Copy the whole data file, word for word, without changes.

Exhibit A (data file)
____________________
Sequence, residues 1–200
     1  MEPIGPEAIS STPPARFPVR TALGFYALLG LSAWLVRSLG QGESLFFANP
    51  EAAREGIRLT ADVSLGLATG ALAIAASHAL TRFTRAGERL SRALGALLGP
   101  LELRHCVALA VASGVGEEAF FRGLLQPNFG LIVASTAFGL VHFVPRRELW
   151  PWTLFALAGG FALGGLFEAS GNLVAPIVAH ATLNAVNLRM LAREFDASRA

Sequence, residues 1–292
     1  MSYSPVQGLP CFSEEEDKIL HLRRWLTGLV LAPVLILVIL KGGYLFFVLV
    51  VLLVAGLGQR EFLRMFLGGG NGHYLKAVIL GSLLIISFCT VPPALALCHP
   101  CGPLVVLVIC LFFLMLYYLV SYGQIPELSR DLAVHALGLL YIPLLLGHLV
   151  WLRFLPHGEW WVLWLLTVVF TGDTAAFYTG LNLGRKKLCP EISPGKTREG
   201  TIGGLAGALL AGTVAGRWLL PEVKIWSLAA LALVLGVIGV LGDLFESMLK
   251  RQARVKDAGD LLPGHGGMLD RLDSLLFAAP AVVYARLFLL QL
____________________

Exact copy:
Sequence, residues 1–200
     1  MEPIGPEAIS STPPARFPVR TALGFYALLG LSAWLVRSLG QGESLFFANP
    51  EAAREGIRLT ADVSLGLATG ALAIAASHAL TRFTRAGERL SRALGALLGP
   101  LELRHCVALA VASGVGEEAF FRGLLQPNFG LIVASTAFGL VHFVPRRELW
   151  PWTLFALAGG FALGGLFEAS GNLVAPIVAH ATLNAVNLRM LAREFDASRA

Sequence, residues 1–292
     1  MSYSPVQGLP CFSEEEDKIL HLRRWLTGLV LAPVLILVIL KGGYLFFVLV
    51  VLLVAGLGQR EFLRMFLGGG NGHYLKAVIL GSLLIISFCT VPPALALCHP
   101  CGPLVVLVIC LFFLMLYYLV SYGQIPELSR DLAVHALGLL YIPLLLGHLV
   151  WLRFLPHGEW WVLWLLTVVF TGDTAAFYTG LNLGRKKLCP EISPGKTREG
   201  TIGGLAGALL AGTVAGRWLL PEVKIWSLAA LALVLGVIGV LGDLFESMLK
   251  RQARVKDAGD LLPGHGGMLD RLDSLLFAAP AVVYARLFLL QL